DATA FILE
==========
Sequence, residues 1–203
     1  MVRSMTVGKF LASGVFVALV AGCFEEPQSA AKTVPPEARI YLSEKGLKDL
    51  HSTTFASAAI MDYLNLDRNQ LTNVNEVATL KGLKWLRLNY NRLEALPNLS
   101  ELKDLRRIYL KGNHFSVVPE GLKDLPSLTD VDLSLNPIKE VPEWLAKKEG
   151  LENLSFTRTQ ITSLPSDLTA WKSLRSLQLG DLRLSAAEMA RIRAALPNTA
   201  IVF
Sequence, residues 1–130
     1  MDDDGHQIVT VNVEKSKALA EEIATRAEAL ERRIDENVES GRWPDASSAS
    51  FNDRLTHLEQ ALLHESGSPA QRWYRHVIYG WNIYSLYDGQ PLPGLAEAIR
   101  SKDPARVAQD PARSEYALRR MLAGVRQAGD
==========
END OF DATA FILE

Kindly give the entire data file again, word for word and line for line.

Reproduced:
Sequence, residues 1–203
     1  MVRSMTVGKF LASGVFVALV AGCFEEPQSA AKTVPPEARI YLSEKGLKDL
    51  HSTTFASAAI MDYLNLDRNQ LTNVNEVATL KGLKWLRLNY NRLEALPNLS
   101  ELKDLRRIYL KGNHFSVVPE GLKDLPSLTD VDLSLNPIKE VPEWLAKKEG
   151  LENLSFTRTQ ITSLPSDLTA WKSLRSLQLG DLRLSAAEMA RIRAALPNTA
   201  IVF
Sequence, residues 1–130
     1  MDDDGHQIVT VNVEKSKALA EEIATRAEAL ERRIDENVES GRWPDASSAS
    51  FNDRLTHLEQ ALLHESGSPA QRWYRHVIYG WNIYSLYDGQ PLPGLAEAIR
   101  SKDPARVAQD PARSEYALRR MLAGVRQAGD